Born in Chicago, he showed astonishing promise at an early age. He came of age as the Internet opened to the world. He was winning prizes and meeting the greats at the Massachusetts Institute of Technology at the age of 13. At 14, he co-authored “Really Simple Syndication,” an innovative means of assembling and distributing Web content that makes Web browsing easy. It powers the “app economy,” makes reader programs work, and enables the content to be mixed and remixed all over the digital universe.
Aaron founded Infogami, which later turned into Reddit, one of the Web’s most popular sites for information sharing and content generation. As with most of his projects, Reddit pushes aside the gatekeepers and puts the tools of creation in the hands of users. He then founded openlibrary.org on the same principle: By devolving power to you and me and away from the big shots, we can create tools that serve humanity in unprecedented ways.
To Aaron, the digital economy was not really about running the world through code and technology. It was about empowering people themselves with the ability to contribute to the building of ever greater technologies in the service of humanity. As much as he loved code, his true affections were for the human mind and the way technology enables it to take flight as never before. He could never understand why government was in resistance. He was like a person in the Renaissance raised with the printing press, astonished at people who wanted to smash it.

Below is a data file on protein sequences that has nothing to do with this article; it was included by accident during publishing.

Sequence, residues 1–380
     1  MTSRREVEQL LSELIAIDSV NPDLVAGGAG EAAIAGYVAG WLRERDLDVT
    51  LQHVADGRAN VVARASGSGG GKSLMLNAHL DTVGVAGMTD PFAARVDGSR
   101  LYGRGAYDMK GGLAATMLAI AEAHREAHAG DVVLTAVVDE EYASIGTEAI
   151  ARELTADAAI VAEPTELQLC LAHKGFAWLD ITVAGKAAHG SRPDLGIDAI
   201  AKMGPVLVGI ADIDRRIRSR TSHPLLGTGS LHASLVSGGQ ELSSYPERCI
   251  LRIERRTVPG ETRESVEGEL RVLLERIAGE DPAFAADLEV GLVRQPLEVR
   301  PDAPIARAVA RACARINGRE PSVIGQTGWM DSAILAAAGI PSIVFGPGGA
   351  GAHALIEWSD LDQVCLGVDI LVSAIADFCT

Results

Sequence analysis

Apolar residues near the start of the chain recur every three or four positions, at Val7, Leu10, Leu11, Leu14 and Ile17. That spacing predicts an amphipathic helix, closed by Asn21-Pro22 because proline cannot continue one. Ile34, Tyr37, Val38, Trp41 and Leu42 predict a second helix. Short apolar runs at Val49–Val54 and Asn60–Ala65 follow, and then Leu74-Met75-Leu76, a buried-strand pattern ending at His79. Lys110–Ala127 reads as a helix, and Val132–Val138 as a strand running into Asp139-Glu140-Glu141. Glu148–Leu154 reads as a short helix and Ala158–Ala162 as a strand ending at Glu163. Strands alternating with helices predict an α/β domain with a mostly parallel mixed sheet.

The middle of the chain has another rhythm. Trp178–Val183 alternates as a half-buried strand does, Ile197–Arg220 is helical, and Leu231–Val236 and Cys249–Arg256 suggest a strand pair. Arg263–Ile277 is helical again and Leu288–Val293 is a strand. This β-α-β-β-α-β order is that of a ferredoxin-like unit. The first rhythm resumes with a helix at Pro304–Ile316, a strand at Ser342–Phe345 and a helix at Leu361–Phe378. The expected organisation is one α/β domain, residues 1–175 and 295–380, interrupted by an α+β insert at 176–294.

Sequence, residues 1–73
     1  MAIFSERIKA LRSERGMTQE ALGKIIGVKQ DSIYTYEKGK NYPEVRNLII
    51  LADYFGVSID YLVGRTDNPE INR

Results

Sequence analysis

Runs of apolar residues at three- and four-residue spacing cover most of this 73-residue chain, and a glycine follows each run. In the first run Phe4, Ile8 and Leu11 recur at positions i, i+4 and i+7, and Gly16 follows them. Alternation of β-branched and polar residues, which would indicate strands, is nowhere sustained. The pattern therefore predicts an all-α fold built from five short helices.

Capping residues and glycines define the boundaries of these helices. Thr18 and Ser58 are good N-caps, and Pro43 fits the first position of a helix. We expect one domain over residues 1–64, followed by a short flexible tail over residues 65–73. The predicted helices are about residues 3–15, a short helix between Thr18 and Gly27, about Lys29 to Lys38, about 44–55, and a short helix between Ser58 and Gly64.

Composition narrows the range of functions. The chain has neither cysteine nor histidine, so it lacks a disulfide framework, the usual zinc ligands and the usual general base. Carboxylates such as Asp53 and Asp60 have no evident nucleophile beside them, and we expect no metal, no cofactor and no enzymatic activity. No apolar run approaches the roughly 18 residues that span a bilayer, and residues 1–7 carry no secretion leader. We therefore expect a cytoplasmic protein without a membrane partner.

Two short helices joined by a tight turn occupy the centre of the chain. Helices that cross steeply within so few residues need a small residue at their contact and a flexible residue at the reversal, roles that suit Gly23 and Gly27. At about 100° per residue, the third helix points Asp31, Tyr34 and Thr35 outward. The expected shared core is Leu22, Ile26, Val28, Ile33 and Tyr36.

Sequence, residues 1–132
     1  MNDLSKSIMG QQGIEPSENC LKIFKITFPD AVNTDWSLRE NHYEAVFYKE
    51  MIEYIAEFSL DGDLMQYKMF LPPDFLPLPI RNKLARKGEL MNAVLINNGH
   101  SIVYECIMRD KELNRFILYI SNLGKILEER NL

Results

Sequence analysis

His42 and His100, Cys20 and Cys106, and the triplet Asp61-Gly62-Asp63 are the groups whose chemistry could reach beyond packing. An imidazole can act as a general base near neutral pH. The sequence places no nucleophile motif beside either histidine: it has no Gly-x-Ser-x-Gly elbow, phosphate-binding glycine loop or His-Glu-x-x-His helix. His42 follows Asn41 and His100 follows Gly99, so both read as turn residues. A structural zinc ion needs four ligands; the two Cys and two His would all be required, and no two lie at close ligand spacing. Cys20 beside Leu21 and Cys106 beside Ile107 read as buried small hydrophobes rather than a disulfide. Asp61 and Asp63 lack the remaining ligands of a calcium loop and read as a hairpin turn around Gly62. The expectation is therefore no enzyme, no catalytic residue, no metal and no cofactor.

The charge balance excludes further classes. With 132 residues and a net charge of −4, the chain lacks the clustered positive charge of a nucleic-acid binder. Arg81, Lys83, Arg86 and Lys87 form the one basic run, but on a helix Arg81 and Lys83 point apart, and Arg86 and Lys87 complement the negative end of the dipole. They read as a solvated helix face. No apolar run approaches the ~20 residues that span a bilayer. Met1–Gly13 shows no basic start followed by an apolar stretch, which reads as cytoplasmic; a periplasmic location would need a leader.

He was so convinced that digits were powered by human minds that he even put it to the test in seeking the real power behind Wikipedia. He refuted the supposition of even co-founder Jimmy Wales that it was a relatively small number of editors who were the main content providers. He demonstrated that the main providers were millions of users themselves, thereby upending even what the owners and experts had supposed. (He was only 19 years old when he showed this.)